They do now. I forwarded the link to this post to the President of AAI.

Ginny said...

New buyers probably don't know how to pay because ebay is afraid to be the one breaking the news that they want them to use Paypal, Paypal, and only Paypal. After all ebay owns Paypal. If they actually admitted how they wanted buyers to pay, at some point they might sound like they don't want anyone to use anything except ebay-owned Paypal. And that would be ::::::::::::gasp::::::::::: sort of like something a company would do that was violating anti-trust laws.

So they're just kind of hoping that sellers will give buyers the news and save ebay the bother and embarrassment and potential legal repercussions of having to tell the truth!

Ginny said...

One thing that impresses me about ebay's involvement with trying to get the Supreme Court Leegin ruling overturned is that it is a clue that ebay is having some difficulty that they are hoping will get solved by getting that ruling overturned. As they say, "No s*** Sherlock!" but I always like to imagine what it would be like to be a fly on the wall and know what is REALLY happening and not take at face value what the company wants everyone to believe.

I am fascinated by what you're writing on this subject, Randy. It is not boring at all! I think it is an indication of what is behind the curtain. That not all is well in Oz.

permacrisis said...

Yeah! What if Donahoe concentrated all his firepower on small sellers, only to discover in the end that his grand plan were foiled by some UNFORESEEN CONSEQUENCE!!!

Went thru 2 buckets of popcorn watching this sad sideshow of a business transformation, but the 64oz fountain soda is holding up OK.

I'm with 2009inchBust. Put Randy on the board of directors!

Mike said...

The nerve.

The gall.

The absolute shamelessness of this pack of fools.

Ebay promotes big box eBay seller Buy over small sellers.

Buy averages hundreds of negative feedbacks a month. That translates to hundreds of non "excellent buying experiences" a month.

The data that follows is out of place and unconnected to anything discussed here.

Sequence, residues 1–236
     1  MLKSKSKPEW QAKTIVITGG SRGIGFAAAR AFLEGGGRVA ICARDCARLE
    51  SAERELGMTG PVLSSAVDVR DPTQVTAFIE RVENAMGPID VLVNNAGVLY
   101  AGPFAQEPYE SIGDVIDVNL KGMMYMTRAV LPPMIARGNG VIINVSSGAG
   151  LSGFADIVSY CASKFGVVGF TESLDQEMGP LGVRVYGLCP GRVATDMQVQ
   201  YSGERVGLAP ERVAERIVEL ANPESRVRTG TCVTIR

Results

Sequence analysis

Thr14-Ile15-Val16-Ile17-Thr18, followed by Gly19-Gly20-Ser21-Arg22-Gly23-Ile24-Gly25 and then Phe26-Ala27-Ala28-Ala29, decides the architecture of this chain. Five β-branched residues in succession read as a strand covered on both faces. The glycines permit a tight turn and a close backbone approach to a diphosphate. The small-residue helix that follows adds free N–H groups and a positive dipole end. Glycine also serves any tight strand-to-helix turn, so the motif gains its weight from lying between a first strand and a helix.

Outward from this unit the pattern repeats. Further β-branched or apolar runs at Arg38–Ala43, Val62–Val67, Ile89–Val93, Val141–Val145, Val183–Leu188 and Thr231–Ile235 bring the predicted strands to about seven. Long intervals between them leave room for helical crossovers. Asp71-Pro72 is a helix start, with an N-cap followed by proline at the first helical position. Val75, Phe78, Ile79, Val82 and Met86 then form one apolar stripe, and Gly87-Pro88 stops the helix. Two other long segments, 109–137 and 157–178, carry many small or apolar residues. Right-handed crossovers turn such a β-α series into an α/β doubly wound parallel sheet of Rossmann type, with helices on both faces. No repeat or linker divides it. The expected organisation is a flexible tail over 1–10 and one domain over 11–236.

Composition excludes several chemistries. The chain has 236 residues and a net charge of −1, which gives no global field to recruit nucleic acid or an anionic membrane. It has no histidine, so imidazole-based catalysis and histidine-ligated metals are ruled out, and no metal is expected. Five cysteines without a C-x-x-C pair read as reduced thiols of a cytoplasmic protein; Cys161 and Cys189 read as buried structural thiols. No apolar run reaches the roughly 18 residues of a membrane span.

Ebay will suspend a small seller for one or two negative feedbacks in a month but not suspend seller Buy for hundreds.

So is eBay supporting the small seller?

The nerve.

The gall.

The absolute shamelessness that is Donahoe and Norrington.

2009 or Bust! said...

I have been saying this for about a year, but now have come to finally accept it -- small and mid-sized eBay sellers: eBay doesn't want you. You are the red-headed step-child they just kind of wish wouldn't bother to come over during the Holidays.

They will never say it directly, but actions speak louder than words (or noise). You don't fit in so stop breathing on the windows while they try to eat in peace.

But there is hope, I tell ya. Our eBay sales are about 1/2 of what they were a year ago. Bad sellers with bad feedback have listings appear ahead of us in best match. But let me testify to the power of Google Adwords and Yahoo Admarketing where you can sell on your own site without fear.

The first thing I do when I log onto eBay is check my feedback and then my DSRs. Last night my business partner asked me what the eBay fees were over the last week and I laughed -- depends on whether some 12 year old gets a hold of his parents' eBay password and decides to ding our feedback or if someone who is trying to extort us so we give a partial refund follows through on their threats against us and leaves a negative. That 12 year old can change our fees by 5, 15 or 20 percent.

When I log onto the back end of our web site all I do is count the orders

Last year two days before Christmas we had a customer who was unaware that she had not paid for an auction -- her only child's only Christmas present while her father was in Iraq.

At our own expense we over-nighted her the item. She called in tears, thankful for this little Holiday gesture. We did it because we were humbled by our success and happy to give a little something back.

This year, I just check my DSRs. The eBay of pre 1/29/08 is gone, ruined by a management team that can not handle their jobs.

We are metrics and obstacles to them. eBay works not because, but despite them.

I am going to go check my web site and feel good again. Then I will take a look at my near perfect DSRs and my 10.000+ feedbacks with almost 100% positive and I will, for some reason, just feel bad.

The contract of adhesion is over, eBay has showed us all the door and the smart ones will get out fast. Soon, eBay will be just like Amazon -- without the shopping cart, customer service, innovative back-end platforms, consistent fee structure and traffic. Hmmmm......

Anonymous said...

It's strictly inertia at this point. Even if you took the wheels off, this trains still gonna grind along for awhile longer.

Cheerleaders & trolls point to this as proof. They say, "See? We didn't need you!"